One of the things that draws me to the World War II era is the sheer variety of stories. In Longshore Soldiers, Andrew J. Brozyna explores an aspect of wartime service that receives little attention - the port battalions.
For every soldier on the front lines, ten labored behind the lines. While they experienced less physical danger, they were still separated from home, family, and their ordinary lives. They still lived in the military world of orders and rations and restrictions. They labored hard for long hours in uncomfortable conditions. Most importantly, they served.
Longshore Soldiers tells the story of the American port battalions in Belgium and France in World War II. Using personal recollections of the author's grandfather, Cortland Hopkins, and a dozen other veterans, Brozyna draws an compelling picture of these unsung heroes, from their lives on the Home Front, to the draft, to training, to their service overseas. While these men hauled bombs from ships onto DUKWs, they ducked artillery, strafing aircraft, and the savage V-1 and V-2 flying bombs. A particularly fascinating story tells how Hopkins found himself on the wrong part of the ship on D-Day and ended up storming Utah Beach with the infantry!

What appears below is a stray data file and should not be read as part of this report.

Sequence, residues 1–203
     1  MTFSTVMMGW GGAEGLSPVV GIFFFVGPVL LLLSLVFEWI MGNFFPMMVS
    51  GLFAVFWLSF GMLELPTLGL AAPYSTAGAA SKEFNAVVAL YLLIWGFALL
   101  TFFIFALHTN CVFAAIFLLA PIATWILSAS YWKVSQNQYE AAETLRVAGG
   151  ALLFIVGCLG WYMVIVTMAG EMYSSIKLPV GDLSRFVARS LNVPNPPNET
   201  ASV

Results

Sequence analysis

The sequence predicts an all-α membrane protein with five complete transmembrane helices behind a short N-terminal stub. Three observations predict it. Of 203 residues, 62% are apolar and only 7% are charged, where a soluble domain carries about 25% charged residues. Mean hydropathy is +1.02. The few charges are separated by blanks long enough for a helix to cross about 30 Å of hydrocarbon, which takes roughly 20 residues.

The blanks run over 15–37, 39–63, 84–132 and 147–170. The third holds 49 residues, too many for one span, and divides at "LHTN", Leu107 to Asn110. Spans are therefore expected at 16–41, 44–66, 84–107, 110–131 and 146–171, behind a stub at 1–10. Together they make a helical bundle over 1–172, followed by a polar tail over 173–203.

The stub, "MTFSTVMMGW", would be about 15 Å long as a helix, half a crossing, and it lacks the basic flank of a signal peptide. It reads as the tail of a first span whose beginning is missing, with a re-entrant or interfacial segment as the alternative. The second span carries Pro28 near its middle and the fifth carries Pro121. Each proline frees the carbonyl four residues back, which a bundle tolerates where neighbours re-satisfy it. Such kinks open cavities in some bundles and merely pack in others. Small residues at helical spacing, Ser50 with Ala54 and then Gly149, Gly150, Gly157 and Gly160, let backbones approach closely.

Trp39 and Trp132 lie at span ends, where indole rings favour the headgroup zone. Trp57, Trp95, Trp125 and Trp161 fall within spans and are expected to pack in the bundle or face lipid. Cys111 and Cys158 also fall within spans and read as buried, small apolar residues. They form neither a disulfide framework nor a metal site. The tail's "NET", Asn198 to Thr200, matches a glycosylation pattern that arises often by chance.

Excellent research and plenty of details and appendices make this book essential for the serious historian, but Brozyna's engaging writing style and the colorful personal stories make it thoroughly enjoyable for anyone interested in World War II.
Labels: Andrew J. Brozyna, book review, Longshore Soldiers, World War II